The positives and negatives of using cooling caps to reduce hair loss


The positives and negatives of using cooling caps to reduce hair loss in chemotherapy

Cancer remains one of the world’s most feared illnesses. As scientists continue to make astonishing breakthroughs in finding new methods to prevent it, diagnose it and treat it, there has also been heartening news about how the side effects of treatment can be dealt with – specifically hair loss.

The symptoms and prognosis of this illness is hard enough to live with, when treatments also cause further debilitating illnesses it makes it even harder for the sufferer to find the strength and motivation to fight it, so we feel any technique to lessen the ferocity of chemotherapy has got to be positive.

But there has also got to be positive evidence that it does not interfere with overall cancer treatment itself. So please read both sides of this argument.

The treatment here is called scalp cooling. Chemotherapy works by attacking dividing cells – this includes hair follicles. The cooling cap constricts the blood vessels leading to the follicles and so reduces the amount of chemo drugs reaching the scalp. Different designs are used throughout the world but in Europe the traditional method is to use a cap which has been cooled in a freezer or by using dry ice (called a Penguin Cold Cap).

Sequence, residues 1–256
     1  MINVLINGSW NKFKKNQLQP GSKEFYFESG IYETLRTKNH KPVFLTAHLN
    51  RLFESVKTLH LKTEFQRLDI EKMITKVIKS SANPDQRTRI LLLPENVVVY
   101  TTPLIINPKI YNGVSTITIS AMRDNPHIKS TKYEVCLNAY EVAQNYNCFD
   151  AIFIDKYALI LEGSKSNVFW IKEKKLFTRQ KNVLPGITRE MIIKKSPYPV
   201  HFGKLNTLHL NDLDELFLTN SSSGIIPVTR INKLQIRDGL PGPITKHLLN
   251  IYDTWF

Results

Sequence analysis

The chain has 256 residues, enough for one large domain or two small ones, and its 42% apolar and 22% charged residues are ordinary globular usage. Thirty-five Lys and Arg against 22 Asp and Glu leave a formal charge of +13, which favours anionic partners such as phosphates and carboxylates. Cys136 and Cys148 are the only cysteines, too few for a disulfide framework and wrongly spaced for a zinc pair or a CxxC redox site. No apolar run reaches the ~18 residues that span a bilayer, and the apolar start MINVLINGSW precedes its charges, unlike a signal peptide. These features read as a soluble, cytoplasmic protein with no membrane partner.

The scalp needs to be cooled to the appropriate temperature before chemotherapy begins and then they are worn during the chemotherapy treatment. It is likely the caps will need to be changed during treatment to keep the cap at the right temperature and then left on the head for 3-4 hours after the chemo has taken place. Patients state that the coldness from the cap can hurt at first but you get used to it but it is also helpful to know that the manufacturer of Penguin says there is an 86% success rate

Concerns with cooling cap process

However there are doctors who actually question the cooling caps use. Some doctors question why you would want to add further pain to the chemotherapy process when it is already a treatment feared because of the pain involved. This point of view is intensified when it is clear that hair loss during chemotherapy is temporary. After treatment is completed – your hair will grow back anyway.

Sufferers have stated that the fact that they do not have to worry about how they present is a great plus. They also feel it is easier for their family to handle the overall problems of the illness.

Perhaps more importantly though a US Doctor from Allhegeny Health Network (Dr Helen Analo) has stated that she fears the cap will create a cancer sanctuary. In other words, because the chemo drugs cannot reach the scalp it makes this area of the body more vulnerable to cancer if it were to spread. In fact there have been two reports of clients who contracted cancer in the scalp years after treatment while using a cooling cap.

Whether there is a direct link between the cap and the resulting cancer cannot be evidenced but it needs to be taken into account as a serious concern.

Portrait of a woman balding from cancer treatment smiling and looking up.


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